Kimura, I. et al. Short-chain fatty acids and ketones directly regulate sympathetic nervous system via G protein-coupled receptor 41 (GPR41). Proc. Natl Acad. Sci. USA 108, 8030–8035 (2011).
Vrieze, A. et al. Metabolic effects of transplanting gut microbiota from lean donors to subjects with metabolic syndrome [abstract A90]. Presented at the European Association for the Study of Diabetes meeting (2010).
Cutolo, L. C., Kleppel, N. H., Freund, H. R. & Holker, J. Fecal feedings as therapy in Staphylococcus enterocolitis. N. Y. State J. Med. 59, 3831–3833 (1959).
Fenton, S., Stephenson, D., Weder, C. & Saskatoon S. Pseudomembranous colitis associated with antibiotic therapy—an emerging entity. CMA Journal 111, 1110–1114 (1974).
Bowden, T. A. Jr, Mansberger, A. R. Jr & Lykins, L. E. Pseudomembraneous enterocolitis: mechanism for restoring floral homeostasis. Am. Surg. 47, 178–183 (1981).
Schwan, A., Sjölin, S., Trottestam, U. & Aronsson, B. Relapsing Clostridium difficile enterocolitis cured by rectal infusion of normal faeces. Scand. J. Infect. Dis. 16, 211–215 (1984).
Paterson, D. L., Iredell, J. & Whitby, M. Putting back the bugs: bacterial treatment relieves chronic diarrhoea. Med. J. Aust. 160, 232–233 (1994).
Faust, G., Langelier, D., Haddad, H. & Menard, D. B. Treatment of recurrent pseudomembranous colitis (RPMC) with stool transplantation (ST): report of six (6) cases [abstract 002]. Presented at the 2002 Canadian Digestive Diseases Week.
Aas, J., Gessert, C. E. & Bakken, J. S. Recurrent Clostridium difficile colitis: case series involving 18 patients treated with donor stool administered via a nasogastric tube. Clin. Infect. Dis. 36, 580–585 (2003).
Jorup-Rönström, C., Hakanson, A. & Persoon, A. K. Feces culture successful therapy in Clostridium difficile diarrhea [abstract]. Larkartidningen 103, 3603–3605 (2006).
Wettstein, A. et al. Fecal bacteriotherapy—an effective treatment for relapsing symptomatic Clostridium difficile infection [abstract G67]. Presented at the 15th United European Gastroenterology Week.
Louie, T. J. Home-based fecal flora infusion to arrest multiple-recurrent Clostrdium difficile infection (CDI). Presented at the 48th Interscience Conference on Antimicrobial Agents & Chemotherapy in conjunction with the Infectious Disease Society of America.
Nieuwdorp, M. et al. Treatment of recurrent Clostridium difficile-associated diarrhea with a suspension of donor feces [Dutch]. Ned. Tijdschr. Geneeskd. 152, 1927–1932 (2008).
Hellemans, R., Naegels, S. & Holvoet, J. Fecal transplantation for recurrent Clostridium difficile colitis, an underused treatment modality. Acta Gastroenterol. Belg. 72, 269–270 (2009).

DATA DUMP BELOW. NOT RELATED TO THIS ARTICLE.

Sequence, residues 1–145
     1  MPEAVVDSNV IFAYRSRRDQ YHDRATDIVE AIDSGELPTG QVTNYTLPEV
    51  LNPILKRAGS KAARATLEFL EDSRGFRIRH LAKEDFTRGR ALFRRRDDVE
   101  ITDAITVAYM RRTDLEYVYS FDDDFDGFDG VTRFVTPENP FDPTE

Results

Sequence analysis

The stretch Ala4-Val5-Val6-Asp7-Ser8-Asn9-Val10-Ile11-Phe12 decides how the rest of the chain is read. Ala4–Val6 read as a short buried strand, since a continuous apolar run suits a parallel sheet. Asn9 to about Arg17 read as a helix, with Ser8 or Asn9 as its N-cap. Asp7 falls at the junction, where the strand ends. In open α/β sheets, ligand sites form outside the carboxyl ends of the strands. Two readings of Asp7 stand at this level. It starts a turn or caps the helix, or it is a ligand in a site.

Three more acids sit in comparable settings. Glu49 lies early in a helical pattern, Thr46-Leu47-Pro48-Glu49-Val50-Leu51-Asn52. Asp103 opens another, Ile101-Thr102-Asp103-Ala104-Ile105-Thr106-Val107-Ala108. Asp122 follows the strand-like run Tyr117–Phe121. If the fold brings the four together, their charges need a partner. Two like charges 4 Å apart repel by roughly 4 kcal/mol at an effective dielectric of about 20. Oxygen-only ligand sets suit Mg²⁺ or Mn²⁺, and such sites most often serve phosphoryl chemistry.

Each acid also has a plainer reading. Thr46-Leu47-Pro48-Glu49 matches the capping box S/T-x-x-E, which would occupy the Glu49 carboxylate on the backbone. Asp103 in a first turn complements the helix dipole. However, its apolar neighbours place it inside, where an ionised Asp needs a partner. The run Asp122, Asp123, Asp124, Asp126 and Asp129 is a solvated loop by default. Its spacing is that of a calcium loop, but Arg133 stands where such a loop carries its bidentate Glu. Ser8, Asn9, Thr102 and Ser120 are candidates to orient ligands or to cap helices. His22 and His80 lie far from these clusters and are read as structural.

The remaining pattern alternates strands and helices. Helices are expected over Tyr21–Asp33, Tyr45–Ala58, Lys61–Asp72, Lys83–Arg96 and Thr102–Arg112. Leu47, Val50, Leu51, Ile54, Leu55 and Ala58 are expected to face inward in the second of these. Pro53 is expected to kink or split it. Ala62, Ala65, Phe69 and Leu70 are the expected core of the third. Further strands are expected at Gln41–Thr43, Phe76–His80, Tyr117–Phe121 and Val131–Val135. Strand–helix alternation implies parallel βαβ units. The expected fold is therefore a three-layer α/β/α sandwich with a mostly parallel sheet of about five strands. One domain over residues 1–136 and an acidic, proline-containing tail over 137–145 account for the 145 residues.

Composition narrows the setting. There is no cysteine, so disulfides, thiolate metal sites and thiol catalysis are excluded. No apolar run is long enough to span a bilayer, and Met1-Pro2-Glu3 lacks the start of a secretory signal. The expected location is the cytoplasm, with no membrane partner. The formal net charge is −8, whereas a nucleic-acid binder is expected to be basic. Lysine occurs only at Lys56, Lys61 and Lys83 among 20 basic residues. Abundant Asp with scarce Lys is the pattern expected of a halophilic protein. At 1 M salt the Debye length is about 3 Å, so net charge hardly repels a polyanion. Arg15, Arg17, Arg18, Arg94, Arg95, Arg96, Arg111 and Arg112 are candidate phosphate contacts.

MacConnachie, A. A., Fox, R., Kennedy, D. R. & Seaton, R. A. Fecal transplant for recurrent Clostridium difficile-associated diarrhea: a UK case series. QJM 102, 781–784 (2009).
Arkkila, P. E. et al. Fecal bacteriotherapy for recurrent Clostridium difficile infection. Gastroenterology 138 (Suppl. 1), S5 (2010).
Yoon, S. S. & Brandt, L. J. Treatment of refractory/recurrent C. difficile-associated disease by donated stool transplanted via colonoscopy: a case series of 12 patients. J. Clin. Gastroenterol. 44, 562–566 (2010).
Silverman, M. S., Davis, I. & Pillai, D. R. Success of self-administered home fecal transplantation for chronic Clostridium difficile infection. Clin. Gastroenterol. Hepatol. 5, 471–473 (2010).
Garborg, K., Waagsbø, B., Stallemo, A., Matre, J. & Sundøy, A. Results of faecal donor instillation therapy for recurrent Clostridium difficile-associated diarrhoea. Scand. J. Infect. Dis. 42, 857–861 (2010).
Russell, G., Kaplan, J., Ferraro, M. J. & Michelow, I. C. Fecal bacteriotherapy for relapsing Clostridium difficile infection in a child: a proposed treatment protocol. Pediatrics 126, e239–e242 (2010).
Kelly, C. & de Leon, L. Successful treatment of recurrent Clostridium difficile infection with donor stool administered at colonoscopy: a case series [abstract 366]. Am. J. Gastroenterol. 105, S135 (2010).
Mellow, M. & Kanatzar, A. Colonoscopic fecal bacteriotherapy in the treatment of recurrent Clostridium difficile infection [abstract]. Am. J. Gastroenterol. 105, S135 (2010).
Kassam, Z., Hundal, R., Marshall, J. K. & Lee, C. H. Fecal transplantation via retention enemas is effective for recurrent or refractory Clostridium difficile-associated diarrhea. Gastroenterology 138, S207–S208 (2010)
Kelly, C., Jasutkar, N. & de Leon, L. Fecal microbiota transplantation for relapsing Clostridium difficile infection in 26 patients: methodology and results. J. Clin. Gastroenterol. (in press).
This work was in part supported by NIH grant R21AI091907 (A. Khoruts). The authors would like to acknowledge J. Campbell, Centre for Digestive Diseases, Sydney, Australia, for her skilled assistance in various technical aspects of manuscript preparation and editorial support.
Thomas J. Borody has a pecuniary interest in the Centre for Digestive Diseases, where fecal microbiota transplantion is a treatment option, and has filed patents in this approach. Alexander Khoruts has filed patents in the field of fecal microbiota transplantation for the University of Minnesota, USA.
About this article
Cite this article
Borody, T., Khoruts, A. Fecal microbiota transplantation and emerging applications. Nat Rev Gastroenterol Hepatol 9, 88–96 (2012). https://doi.org/10.1038/nrgastro.2011.244
This article is cited by
Scientific Reports (2023)
Current Oncology Reports (2023)
Journal of Cancer Research and Clinical Oncology (2023)
Gut microbiota-derived ursodeoxycholic acid from neonatal dairy calves improves intestinal homeostasis and colitis to attenuate extended-spectrum β-lactamase-producing enteroaggregative Escherichia coli infection
Berberine and its derivatives represent as the promising therapeutic agents for inflammatory disorders
Pharmacological Reports (2022)